come from the national government and funds for disease prevention and
screening come from the state government. In other countries, nongovernmental organizations focus on the prevention and early detection of cancer.
It is very important for all organizations to be aware of the complexity of
cancer control, and of the role they should play in achieving the goals of the
cancer control programme or strategy, through a unified effort with other
sectors.
The nongovernmental sector is an important source of technical knowhow, skills and resources relevant for cancer care and research. Furthermore,
nongovernmental organizations provide an important ability to reach out
to the professional and public communities. Community participation in
ANCER IS AND WILL BECOME

vii

Executive
Preface
Summary

cancer care is essential. This need is particularly acute in the developing


countries, given the constrained resources and operational limitations of
the government health care systems. Major portions of healthcare budgets in developing countries, which are largely insufficient to begin with,
are dedicated to the control of communicable diseases, leaving small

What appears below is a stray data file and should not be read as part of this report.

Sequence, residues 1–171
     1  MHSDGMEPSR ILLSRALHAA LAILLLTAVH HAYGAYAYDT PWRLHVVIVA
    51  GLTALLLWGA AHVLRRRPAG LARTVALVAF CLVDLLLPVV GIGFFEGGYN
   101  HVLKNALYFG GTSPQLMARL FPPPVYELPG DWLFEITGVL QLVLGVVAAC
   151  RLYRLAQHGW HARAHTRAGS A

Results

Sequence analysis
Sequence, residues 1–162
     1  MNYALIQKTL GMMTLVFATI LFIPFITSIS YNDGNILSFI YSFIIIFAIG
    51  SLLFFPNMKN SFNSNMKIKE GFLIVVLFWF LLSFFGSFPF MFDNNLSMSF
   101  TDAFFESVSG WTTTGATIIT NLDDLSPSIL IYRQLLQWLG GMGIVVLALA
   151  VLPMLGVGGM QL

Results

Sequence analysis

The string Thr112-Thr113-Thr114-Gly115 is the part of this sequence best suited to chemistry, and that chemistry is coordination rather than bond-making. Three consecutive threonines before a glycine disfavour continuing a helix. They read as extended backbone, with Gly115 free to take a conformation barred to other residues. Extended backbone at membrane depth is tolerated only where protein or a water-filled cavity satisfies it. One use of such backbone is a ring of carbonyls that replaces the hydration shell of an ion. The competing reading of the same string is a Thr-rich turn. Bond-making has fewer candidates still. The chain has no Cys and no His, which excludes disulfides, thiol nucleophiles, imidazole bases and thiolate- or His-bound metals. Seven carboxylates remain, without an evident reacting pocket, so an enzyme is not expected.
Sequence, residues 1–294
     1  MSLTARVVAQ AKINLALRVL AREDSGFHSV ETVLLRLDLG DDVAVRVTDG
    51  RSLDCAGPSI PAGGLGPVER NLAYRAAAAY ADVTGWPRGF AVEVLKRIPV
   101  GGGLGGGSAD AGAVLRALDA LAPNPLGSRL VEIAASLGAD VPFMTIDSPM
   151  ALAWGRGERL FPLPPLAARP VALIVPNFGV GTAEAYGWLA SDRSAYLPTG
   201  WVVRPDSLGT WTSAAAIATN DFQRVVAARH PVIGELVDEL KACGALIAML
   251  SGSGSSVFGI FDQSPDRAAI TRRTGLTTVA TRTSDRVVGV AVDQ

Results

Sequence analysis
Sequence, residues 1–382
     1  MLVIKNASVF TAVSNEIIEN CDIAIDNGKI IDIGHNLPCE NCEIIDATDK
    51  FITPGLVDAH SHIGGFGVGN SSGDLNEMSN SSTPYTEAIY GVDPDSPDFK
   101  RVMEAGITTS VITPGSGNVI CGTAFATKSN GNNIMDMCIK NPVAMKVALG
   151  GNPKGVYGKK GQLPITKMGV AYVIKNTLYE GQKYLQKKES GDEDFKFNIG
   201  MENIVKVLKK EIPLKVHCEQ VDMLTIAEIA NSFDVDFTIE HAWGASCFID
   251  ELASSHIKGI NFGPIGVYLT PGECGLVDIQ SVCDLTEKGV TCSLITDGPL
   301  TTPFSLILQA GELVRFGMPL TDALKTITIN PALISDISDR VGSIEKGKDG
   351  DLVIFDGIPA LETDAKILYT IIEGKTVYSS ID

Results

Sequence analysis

margins for allocation to noncommunicable disease control programmes.
Nongovernmental and voluntary organizations can, therefore, play a significant role in assisting the efforts of the government health system in reducing
disparities in coverage with regard to cancer care services.
In close collaboration with the World Health Organization, the
International Union Against Cancer (UICC) promotes the participation of
nongovernmental organizations in the development and implementation
of national and regional cancer control strategies, and helps to build the
capacity in these organizations in the areas of cancer prevention and early
detection, particularly through educational and training programmes. By its
participation in establishing a national cancer control strategy or plan, the
nongovernmental sector will be able to better understand its own role in
providing cancer care services, including support of cancer research. The
comprehensive and systematic approach to the cancer problem, as presented
in a national cancer control programme, gives all providers of cancer care
and research the optimal possibility of giving the right focus and proportions to their own work.
The second edition of the WHO publication on national cancer control